How do we create a new politics that builds the basis of a citizen-based democracy to replace our hollowed-out institutions? To do so we first need to understand the roots of Trump's popularity.
Trump's surprise election has alerted us to the depth of dissatisfaction with the status quo. But will Trump and his crowd get to define and shape that anti-status quo sentiment?
To enact transformational change we have to radically shift the way we engage people and move away from presenting them with problems to talking about possibilities.
Progressive change does not happen by accident. It requires dedication and a tremendous investment to take on the development of alternative models of How Things Should Work.
The PM's popularity may be based on the perception that his government is truly progressive and implementing a different agenda than Harper. The evidence is suggesting that's not totally true.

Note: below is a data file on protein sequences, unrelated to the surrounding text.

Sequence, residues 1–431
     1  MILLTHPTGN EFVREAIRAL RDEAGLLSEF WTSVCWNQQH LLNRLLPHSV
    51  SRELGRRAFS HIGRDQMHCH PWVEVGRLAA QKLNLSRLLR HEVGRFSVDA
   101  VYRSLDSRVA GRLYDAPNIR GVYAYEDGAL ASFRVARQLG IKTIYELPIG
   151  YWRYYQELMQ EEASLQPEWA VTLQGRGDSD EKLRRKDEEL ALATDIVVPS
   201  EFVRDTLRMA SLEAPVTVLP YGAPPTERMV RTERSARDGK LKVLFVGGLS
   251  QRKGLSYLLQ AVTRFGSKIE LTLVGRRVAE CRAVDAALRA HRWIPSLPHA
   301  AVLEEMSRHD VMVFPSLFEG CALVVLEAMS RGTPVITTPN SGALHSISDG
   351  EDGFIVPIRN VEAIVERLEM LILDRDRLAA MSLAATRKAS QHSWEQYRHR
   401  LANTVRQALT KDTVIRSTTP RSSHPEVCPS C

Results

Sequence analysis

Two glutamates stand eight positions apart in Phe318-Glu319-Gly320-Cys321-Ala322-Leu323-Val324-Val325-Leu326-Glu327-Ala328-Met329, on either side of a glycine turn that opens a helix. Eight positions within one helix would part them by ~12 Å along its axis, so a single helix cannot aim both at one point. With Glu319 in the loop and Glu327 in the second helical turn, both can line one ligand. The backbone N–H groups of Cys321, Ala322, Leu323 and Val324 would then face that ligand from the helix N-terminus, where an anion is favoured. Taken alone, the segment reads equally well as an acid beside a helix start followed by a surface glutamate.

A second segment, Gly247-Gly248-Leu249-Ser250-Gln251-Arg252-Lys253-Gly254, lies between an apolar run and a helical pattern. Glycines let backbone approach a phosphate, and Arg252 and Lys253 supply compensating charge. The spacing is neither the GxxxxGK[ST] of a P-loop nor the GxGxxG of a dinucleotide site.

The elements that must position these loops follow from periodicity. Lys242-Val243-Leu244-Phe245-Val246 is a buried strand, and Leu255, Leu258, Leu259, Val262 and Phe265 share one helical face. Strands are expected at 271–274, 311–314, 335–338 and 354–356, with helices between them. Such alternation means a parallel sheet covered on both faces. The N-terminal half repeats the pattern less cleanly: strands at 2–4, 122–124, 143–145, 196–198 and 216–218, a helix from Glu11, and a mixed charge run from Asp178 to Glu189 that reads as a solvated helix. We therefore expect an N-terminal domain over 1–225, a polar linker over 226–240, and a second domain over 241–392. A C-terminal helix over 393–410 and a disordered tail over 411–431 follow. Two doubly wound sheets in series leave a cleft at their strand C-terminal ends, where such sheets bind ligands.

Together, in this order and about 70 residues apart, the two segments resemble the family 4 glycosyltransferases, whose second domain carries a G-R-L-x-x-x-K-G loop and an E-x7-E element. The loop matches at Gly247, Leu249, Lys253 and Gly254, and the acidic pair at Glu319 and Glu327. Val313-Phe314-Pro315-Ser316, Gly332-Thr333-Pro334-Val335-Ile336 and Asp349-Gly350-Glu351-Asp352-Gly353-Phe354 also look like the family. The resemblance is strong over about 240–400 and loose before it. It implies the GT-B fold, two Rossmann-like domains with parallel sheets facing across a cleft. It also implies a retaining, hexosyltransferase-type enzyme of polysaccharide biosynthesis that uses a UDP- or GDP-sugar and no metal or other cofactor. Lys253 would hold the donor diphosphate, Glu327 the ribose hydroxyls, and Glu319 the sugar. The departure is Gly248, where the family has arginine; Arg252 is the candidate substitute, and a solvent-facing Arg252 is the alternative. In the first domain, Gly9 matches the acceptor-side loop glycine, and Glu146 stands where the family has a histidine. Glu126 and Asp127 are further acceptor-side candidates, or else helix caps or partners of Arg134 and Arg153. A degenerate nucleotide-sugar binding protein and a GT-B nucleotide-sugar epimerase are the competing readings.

Can the Left counter the Right's populist movement with one of its own? Maybe. The question is how says Rick Salutin.
Some of Canada's most conservative politicians have been warning that a new menace is descending on the country. What are they so scared of?
Pierre Karl Péladeau resigned abruptly last week from the Parti québécois. Mathieu Murphy-Perron addresses what this means for Quebec politics, and he does not mince his words.
In the aftermath of Tom Mulcair's crushing repudiation at the NDP's convention, the party enters a period of self-reflection and reinvention that it has never experienced before.
Three challenges await the NDP membership: animating riding associations, renewing party policy, and restructuring the party. It's time to replace trickle-down politics with democratic party politics.